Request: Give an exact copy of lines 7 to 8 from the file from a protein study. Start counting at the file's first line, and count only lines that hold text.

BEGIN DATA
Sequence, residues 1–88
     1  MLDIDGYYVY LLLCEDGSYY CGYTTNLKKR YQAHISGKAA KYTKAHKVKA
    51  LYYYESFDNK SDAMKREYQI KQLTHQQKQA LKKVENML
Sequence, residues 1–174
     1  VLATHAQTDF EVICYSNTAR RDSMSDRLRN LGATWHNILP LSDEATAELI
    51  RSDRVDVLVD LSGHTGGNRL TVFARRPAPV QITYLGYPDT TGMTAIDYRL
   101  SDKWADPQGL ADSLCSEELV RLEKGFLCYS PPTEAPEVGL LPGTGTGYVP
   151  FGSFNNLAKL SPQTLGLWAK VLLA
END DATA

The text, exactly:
   101  SDKWADPQGL ADSLCSEELV RLEKGFLCYS PPTEAPEVGL LPGTGTGYVP
   151  FGSFNNLAKL SPQTLGLWAK VLLA